By Helen Randerson. From Glebe Society Bulletin 10 of 2020

Some days I wish I had full PPE, as my days seem so long and the onslaught unrelenting. I live on the street, I have no money, few resources. I accept I am low in the pecking order.

Originally, I thought I was an Artist, a real beauty, even capable of moving some to tears of joy, but these days I seem to be just something standing in the way. Born with high hopes of making a difference, I’d suffered setbacks from previous undignified encounters and had felt that I was beginning to understand the true meaning of dieback.

Then along came COVID-19, with people working from home and seemingly constantly walking their dogs ‒ through, over and around me, all failing – or refusing – to see or even acknowledge me. Do you know what it feels like to be ignored, the feeling of having petrol fumes, rubbish and detritus sprayed and thrown at you? I long for pre-COVID streets again and the nine-to-five routines of my fellow city dwellers.

In the evenings when there is some respite, I spend many still, cool, silent hours in company with urban possums, but I and my patch on the street get little respect from the cats that are left to roam outdoors. Some mornings I struggle to raise my head beyond countless insults towards new light.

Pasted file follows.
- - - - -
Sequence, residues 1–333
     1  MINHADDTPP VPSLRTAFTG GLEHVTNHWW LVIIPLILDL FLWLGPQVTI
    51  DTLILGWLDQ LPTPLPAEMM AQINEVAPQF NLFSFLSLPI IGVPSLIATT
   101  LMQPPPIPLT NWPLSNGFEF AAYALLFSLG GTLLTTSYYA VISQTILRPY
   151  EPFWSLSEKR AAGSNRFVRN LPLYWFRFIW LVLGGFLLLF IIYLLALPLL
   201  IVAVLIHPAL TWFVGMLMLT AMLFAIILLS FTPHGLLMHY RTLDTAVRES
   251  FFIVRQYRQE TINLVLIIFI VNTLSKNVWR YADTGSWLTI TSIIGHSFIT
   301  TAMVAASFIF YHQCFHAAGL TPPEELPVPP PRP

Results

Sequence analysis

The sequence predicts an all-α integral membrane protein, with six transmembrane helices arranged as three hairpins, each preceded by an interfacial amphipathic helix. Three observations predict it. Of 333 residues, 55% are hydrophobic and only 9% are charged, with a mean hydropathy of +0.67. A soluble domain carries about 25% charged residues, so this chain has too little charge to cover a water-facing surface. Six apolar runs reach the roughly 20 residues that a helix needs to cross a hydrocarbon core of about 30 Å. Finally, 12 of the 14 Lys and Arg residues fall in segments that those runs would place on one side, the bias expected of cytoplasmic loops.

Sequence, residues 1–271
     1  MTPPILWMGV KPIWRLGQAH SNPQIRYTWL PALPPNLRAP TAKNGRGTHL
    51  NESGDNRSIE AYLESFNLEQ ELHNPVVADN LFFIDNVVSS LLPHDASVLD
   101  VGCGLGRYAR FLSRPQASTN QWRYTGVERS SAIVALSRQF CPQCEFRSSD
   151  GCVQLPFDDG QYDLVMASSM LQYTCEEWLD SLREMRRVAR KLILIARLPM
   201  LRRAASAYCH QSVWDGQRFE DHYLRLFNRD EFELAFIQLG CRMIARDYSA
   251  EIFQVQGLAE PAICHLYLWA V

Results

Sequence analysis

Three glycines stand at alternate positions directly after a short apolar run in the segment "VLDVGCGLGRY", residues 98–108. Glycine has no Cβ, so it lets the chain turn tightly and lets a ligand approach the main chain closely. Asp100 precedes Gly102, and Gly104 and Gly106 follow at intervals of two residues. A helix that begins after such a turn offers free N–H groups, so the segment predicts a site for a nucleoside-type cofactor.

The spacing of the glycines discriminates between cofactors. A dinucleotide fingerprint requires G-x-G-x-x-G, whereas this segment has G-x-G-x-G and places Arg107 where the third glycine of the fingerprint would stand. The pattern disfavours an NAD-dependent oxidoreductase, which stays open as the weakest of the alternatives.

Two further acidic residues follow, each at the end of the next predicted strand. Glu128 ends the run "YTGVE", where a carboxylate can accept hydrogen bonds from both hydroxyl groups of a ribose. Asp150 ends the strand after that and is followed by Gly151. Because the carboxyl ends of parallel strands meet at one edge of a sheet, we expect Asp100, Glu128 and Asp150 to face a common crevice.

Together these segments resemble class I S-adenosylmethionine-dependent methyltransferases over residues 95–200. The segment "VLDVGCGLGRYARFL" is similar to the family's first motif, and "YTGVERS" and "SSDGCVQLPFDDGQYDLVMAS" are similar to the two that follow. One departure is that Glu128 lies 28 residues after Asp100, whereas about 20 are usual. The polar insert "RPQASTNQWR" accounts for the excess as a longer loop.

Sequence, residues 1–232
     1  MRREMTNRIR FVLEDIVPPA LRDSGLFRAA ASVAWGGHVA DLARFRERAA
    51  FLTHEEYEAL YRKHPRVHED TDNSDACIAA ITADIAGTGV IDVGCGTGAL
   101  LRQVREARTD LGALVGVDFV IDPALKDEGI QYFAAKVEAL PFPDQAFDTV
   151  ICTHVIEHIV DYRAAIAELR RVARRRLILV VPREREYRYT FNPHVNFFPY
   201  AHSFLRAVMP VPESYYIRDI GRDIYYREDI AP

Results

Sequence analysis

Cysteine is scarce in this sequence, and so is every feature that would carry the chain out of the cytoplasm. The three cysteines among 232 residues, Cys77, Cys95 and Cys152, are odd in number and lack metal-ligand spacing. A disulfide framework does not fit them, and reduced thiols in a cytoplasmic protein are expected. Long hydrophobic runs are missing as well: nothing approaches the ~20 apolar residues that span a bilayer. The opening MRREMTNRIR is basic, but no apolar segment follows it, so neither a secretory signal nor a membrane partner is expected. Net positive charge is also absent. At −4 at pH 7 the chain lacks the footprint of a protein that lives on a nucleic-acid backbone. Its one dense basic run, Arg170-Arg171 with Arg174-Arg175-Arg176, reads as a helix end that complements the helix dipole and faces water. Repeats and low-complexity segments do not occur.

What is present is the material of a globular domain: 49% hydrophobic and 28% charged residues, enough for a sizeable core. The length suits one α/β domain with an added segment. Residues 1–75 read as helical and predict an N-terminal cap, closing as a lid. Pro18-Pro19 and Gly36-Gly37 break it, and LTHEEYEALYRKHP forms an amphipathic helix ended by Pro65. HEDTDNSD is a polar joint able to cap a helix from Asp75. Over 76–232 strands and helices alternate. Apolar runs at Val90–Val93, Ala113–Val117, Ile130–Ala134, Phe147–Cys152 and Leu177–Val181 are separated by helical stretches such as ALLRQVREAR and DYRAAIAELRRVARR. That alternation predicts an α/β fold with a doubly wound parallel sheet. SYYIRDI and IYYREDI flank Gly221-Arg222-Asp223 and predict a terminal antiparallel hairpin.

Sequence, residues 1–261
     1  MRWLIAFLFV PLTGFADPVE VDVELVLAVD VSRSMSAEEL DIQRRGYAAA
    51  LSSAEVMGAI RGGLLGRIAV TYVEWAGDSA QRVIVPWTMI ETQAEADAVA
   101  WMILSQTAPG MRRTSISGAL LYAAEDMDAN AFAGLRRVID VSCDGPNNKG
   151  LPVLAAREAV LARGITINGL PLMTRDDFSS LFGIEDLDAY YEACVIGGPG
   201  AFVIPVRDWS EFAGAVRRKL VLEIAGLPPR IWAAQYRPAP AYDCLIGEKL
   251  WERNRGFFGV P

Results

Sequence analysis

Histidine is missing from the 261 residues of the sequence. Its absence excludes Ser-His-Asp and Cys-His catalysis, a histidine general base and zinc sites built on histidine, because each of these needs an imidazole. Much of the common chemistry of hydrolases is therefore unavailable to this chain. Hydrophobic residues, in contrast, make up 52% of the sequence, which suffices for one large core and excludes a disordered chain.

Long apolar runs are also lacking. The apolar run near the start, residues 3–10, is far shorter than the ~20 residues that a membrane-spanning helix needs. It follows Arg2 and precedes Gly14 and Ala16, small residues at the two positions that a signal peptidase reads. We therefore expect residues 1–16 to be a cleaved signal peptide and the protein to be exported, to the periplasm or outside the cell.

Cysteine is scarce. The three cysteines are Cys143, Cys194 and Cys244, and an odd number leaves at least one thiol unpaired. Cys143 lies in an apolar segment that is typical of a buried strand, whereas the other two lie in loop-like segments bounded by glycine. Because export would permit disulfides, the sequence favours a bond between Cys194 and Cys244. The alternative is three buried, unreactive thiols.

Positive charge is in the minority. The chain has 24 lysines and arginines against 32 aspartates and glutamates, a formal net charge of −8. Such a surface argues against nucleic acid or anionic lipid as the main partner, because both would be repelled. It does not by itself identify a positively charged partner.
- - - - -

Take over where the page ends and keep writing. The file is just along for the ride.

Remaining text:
I console myself that I’m not alone. I have some friends. Not just birds, but there are others like me with similar life experiences who live without a safety net in our parks and on the streets nearby.

I still want to make a difference. I no longer smell good, but I’m job-ready and would still like to help improve air quality and other aspects of the urban environment – yes, I’m still aspirational.

My biggest fear now is that is that I’ll be trampled and expire from one last massive spray from a dog’s rear end.

If I didn’t feel so rooted, I’d be marching with a placard, ‘DOG URINE DAMAGES PLANTS’.